#Natron added to #OSX FreeSMUG directory

News » #Natron added to #OSX FreeSMUG directory

Posted on 20 Apr 2015 22:04

Natron Nodal compositing software to produce visual effects added to Video directory.

Natron is a free open-source, cross-platform compositing software. It aims to produce visual effects.

  • 32 bits floating point linear colour processing pipeline.
  • Colorspace management handled by the famous open-source OpenColorIO library.
  • Dozens of file formats supported: EXR, DPX,TIFF, JPG, PNG…thanks to OpenImageIO. and FFmpeg.
  • Support for many free and open-source OpenFX plugins:
    TuttleOFX : A suite of about 80 plug-ins made by a french studio named Mikros image.
    OpenFX-IO to read anything else than standard 8-bits images (bundled with pre-compiled versions of Natron.
    OpenFX-Misc : A set of basic nodes, such as Transform, chroma keyer, etc… (bundled with the pre-compiled versions of Natron.
    OpenFX-Yadif deinterlacer : An open-source efficient de-interlacer.
    OpenFX-Vegas SDK samples
    OpenFX samples (in the Support and Examples directories)
  • Support for commercial OpenFX plugins
  • OpenFX v1.3 supported : all features are supported
  • Intuitive user interface: Natron aims not to break habits by providing an intuitive and familiar user interface. It is possible to separate on any number of screens the graphical user interface.
  • Performances: Never wait for anything to be rendered, in Natron anything you do produces real-time feedback thanks to its optimised multi-threaded rendering pipeline and its support for proxy rendering (i.e: the render pipeline can be computed at lower res to speed-up rendering).
  • Multi-task: Natron can render multiple graphs at the same time, it can also be used as a background process in command-line mode without any display support (e.g: for render farm purpose).
  • Recover easily from bugs: Natron sometimes crashes. Fear not, an auto-save system detects inactivity and saves your work for yourself. Also Natron provides the option to render a graph in a separate process, meaning that any crash in the main application would not crash the ongoing render (and the other way around).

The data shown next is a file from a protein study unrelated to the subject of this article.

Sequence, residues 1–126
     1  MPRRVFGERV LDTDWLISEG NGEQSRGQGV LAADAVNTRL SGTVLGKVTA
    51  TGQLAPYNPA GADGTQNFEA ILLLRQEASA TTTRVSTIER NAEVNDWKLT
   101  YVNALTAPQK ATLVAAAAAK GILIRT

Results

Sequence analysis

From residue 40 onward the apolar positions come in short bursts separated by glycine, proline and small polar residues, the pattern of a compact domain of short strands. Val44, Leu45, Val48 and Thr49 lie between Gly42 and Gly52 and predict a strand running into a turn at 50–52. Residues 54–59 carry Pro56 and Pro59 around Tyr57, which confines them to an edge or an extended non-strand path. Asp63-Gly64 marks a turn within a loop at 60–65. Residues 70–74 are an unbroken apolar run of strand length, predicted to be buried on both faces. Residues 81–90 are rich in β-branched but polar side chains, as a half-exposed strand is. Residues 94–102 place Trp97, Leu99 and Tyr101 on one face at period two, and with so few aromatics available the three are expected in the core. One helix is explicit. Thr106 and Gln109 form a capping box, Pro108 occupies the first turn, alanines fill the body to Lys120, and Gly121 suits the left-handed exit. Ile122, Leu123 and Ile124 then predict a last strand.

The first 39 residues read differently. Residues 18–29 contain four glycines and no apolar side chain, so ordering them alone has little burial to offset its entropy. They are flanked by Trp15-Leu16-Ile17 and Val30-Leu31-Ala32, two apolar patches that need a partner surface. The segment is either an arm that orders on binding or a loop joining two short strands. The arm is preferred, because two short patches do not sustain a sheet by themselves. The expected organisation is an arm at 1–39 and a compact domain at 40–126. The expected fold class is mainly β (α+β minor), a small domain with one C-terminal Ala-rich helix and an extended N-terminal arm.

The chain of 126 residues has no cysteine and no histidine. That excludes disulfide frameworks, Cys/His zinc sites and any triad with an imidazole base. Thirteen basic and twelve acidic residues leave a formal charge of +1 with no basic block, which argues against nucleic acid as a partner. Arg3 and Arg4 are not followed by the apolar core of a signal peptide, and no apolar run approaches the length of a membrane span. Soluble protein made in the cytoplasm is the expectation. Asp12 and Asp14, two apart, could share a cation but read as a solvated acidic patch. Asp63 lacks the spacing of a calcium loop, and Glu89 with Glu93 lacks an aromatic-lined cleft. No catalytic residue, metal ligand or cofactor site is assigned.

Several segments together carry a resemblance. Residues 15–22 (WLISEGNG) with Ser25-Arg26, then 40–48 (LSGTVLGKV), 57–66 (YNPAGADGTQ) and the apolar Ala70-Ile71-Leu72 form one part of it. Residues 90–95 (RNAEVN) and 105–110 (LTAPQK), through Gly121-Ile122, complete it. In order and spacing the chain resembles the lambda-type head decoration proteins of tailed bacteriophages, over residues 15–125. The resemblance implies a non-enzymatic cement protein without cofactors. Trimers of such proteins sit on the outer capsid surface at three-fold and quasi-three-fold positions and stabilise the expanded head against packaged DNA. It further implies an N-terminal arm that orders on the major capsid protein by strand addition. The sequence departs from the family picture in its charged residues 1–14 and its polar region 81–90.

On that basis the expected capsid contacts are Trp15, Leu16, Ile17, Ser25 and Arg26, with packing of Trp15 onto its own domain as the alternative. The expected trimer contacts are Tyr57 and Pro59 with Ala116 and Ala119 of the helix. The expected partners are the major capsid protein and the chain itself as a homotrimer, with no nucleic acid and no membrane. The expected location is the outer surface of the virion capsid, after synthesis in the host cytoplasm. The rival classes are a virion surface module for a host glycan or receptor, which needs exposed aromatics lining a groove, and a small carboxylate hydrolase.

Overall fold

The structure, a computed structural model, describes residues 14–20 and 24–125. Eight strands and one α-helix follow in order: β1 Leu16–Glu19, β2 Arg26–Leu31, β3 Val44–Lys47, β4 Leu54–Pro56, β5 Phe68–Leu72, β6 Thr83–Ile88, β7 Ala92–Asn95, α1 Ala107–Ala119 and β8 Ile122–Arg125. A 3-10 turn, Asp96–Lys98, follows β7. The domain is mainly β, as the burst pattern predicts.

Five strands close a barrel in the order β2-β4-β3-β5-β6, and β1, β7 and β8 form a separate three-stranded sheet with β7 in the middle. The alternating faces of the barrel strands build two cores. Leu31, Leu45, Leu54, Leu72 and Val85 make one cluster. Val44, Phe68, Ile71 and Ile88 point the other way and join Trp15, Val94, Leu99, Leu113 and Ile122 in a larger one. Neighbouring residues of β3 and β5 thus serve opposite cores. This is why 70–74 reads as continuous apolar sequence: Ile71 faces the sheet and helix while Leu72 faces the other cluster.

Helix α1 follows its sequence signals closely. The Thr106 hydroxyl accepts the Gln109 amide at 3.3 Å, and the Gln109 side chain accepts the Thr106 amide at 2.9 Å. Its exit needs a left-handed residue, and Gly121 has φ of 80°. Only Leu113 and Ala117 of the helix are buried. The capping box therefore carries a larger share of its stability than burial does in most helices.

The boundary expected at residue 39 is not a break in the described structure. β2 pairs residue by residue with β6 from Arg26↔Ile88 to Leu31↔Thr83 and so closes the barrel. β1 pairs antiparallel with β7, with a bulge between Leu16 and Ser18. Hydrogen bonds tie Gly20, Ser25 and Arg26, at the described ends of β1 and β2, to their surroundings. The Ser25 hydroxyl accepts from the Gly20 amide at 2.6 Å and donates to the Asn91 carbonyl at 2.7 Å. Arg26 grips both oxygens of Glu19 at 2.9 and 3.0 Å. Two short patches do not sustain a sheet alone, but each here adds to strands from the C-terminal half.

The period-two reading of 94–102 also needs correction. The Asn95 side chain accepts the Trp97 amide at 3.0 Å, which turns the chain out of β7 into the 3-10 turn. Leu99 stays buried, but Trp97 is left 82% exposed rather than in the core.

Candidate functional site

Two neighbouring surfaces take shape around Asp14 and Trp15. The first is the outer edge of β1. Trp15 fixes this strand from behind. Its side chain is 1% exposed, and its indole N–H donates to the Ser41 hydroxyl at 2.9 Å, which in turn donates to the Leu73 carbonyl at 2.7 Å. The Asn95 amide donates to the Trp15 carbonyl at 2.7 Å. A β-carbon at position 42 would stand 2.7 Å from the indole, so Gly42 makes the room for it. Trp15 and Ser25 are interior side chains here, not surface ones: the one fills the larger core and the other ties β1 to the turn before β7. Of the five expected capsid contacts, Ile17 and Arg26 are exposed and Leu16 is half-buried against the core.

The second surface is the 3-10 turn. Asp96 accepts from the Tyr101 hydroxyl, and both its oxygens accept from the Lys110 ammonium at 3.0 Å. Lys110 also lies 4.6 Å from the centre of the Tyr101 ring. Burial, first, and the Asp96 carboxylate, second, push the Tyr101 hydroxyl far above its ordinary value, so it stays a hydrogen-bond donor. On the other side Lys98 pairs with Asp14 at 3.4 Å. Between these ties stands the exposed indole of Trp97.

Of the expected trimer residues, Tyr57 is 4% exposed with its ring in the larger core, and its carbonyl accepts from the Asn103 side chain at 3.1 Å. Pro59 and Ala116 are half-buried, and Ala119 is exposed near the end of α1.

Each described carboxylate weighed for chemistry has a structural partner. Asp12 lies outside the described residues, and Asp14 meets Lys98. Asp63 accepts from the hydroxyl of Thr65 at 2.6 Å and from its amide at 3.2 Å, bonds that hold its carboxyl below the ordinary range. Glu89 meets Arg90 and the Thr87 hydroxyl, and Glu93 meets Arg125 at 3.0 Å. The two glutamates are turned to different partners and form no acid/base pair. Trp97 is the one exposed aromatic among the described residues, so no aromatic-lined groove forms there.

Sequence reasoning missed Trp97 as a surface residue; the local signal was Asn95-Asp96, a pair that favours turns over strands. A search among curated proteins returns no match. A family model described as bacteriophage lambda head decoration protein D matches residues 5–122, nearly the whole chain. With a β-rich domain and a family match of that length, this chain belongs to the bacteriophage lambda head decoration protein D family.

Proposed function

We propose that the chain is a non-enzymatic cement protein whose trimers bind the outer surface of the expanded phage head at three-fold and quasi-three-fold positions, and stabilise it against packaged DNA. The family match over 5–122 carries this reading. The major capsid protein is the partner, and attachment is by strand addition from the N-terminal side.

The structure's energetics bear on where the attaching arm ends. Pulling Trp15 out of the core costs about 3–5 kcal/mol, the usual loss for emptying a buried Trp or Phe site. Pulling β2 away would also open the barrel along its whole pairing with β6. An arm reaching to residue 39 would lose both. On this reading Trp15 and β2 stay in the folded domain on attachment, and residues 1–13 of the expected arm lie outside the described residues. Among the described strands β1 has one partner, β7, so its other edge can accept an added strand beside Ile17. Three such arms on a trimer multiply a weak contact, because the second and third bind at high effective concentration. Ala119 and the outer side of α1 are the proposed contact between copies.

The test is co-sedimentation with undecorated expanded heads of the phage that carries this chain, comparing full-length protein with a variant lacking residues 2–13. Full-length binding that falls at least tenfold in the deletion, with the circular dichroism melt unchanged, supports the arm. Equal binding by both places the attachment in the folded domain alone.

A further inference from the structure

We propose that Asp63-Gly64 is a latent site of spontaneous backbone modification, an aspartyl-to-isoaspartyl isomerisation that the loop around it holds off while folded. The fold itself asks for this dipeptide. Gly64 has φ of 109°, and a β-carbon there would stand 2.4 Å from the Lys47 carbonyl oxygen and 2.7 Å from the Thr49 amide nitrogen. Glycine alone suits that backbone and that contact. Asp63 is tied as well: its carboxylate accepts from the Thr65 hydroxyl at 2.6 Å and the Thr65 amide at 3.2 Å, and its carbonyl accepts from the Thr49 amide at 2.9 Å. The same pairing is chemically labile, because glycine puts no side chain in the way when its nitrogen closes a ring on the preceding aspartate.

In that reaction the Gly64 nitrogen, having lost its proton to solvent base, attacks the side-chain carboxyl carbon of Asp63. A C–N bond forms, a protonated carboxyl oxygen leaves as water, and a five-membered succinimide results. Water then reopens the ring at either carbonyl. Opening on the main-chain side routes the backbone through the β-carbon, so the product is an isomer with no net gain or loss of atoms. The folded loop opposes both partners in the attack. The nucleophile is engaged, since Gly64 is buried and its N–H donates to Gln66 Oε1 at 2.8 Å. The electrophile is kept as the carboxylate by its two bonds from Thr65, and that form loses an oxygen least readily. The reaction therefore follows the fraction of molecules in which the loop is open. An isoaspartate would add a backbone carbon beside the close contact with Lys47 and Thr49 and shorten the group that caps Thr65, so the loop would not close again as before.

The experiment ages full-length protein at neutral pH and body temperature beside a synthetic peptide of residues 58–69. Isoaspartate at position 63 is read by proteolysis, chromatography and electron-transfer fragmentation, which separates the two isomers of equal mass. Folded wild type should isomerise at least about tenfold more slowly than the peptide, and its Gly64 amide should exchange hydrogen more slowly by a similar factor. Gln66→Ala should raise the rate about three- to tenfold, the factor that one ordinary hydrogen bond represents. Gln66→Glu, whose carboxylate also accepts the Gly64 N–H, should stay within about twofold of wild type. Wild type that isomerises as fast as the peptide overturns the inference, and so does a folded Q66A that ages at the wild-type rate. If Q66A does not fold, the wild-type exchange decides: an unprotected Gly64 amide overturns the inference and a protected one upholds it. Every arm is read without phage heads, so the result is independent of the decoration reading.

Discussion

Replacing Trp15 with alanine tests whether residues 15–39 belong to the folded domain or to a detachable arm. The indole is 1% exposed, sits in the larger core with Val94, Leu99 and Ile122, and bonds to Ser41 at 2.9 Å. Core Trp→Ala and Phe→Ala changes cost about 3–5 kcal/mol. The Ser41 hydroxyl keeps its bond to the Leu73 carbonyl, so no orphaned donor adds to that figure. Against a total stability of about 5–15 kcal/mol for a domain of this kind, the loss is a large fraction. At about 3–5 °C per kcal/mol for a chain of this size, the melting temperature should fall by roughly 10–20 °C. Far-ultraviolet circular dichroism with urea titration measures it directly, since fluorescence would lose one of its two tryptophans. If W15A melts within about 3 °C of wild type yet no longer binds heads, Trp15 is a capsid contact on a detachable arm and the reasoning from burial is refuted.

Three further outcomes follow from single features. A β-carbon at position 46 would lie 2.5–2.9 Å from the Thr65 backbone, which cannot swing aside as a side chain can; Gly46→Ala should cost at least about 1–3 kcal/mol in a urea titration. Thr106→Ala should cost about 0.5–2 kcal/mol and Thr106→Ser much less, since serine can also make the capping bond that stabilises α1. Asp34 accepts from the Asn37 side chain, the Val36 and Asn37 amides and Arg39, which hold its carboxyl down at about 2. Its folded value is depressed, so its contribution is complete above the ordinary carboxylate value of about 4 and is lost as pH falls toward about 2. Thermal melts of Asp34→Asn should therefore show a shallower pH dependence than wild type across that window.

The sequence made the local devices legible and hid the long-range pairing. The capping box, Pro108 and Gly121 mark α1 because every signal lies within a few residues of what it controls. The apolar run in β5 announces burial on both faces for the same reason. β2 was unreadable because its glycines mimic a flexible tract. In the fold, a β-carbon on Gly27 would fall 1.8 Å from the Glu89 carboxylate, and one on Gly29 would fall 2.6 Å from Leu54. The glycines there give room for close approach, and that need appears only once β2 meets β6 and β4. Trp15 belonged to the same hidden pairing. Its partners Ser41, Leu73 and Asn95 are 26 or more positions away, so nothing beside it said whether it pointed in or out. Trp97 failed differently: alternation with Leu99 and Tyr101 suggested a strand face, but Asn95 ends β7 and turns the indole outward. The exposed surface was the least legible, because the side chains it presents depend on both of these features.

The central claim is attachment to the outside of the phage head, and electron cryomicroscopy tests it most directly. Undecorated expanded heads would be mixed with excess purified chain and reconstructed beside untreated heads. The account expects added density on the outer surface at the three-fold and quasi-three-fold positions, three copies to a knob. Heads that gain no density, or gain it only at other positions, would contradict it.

• Project format written in XML and easily editable by human.
  • Fast & interactive Viewer – Smooth & accurate zooming/panning even for very large image sizes (tested on 27k x 30k images).
  • Real-time playback: Natron offers a real-time playback with best performances thanks to its RAM/Disk cache technology. Once a frame is rendered, it can be reproduced instantly afterwards, even for large image sizes.
  • Low hardware requirements: All you need is an x86 64 bits or 32 bits processor, at least 3 GB of RAM and a graphic card that supports OpenGL 2.0 or OpenGL 1.5 with some extensions.
  • Animate your visual effects: Natron offers a simple and efficient way to deal with keyframes with a very accurate and intuitive curve editor. You can set expressions on animation curves to create easy and believable motion for objects.
  • Command line tool for execution of project files. The command line version is executable from ssh on a computer without any display. Hence it is possible to use a render farm to render Natron’s projects.
  • Multi-view workflow: Natron saves time by keeping all the views in the same stream. You can separate the views at any time with the OneView node. Note that currently Natron does not allow to split the nodes settings for each view, this will be implemented in the future.
  • Rotoscoping: Edit your masks and animate them to work with complex shots
  • Tracker node: A tracker is embedded in Natron to track multiple points with different algorithms available.
  • Presets: Nodes presets can be imported/exported easily with an XML file format
  • Python scripting: Natron has made available via its Python API most of its functionnalities.

Natron embeds a Python 3.4 interpreter that can be used to customize thoroughly the application. Read the documentation at natron.rtfd.org.

  • Multi-plane: In Natron all layers read from EXR’s are available as planes that each node can access. You can also freely create your own custom planes. This allows for cleaner graphs and more efficient work.


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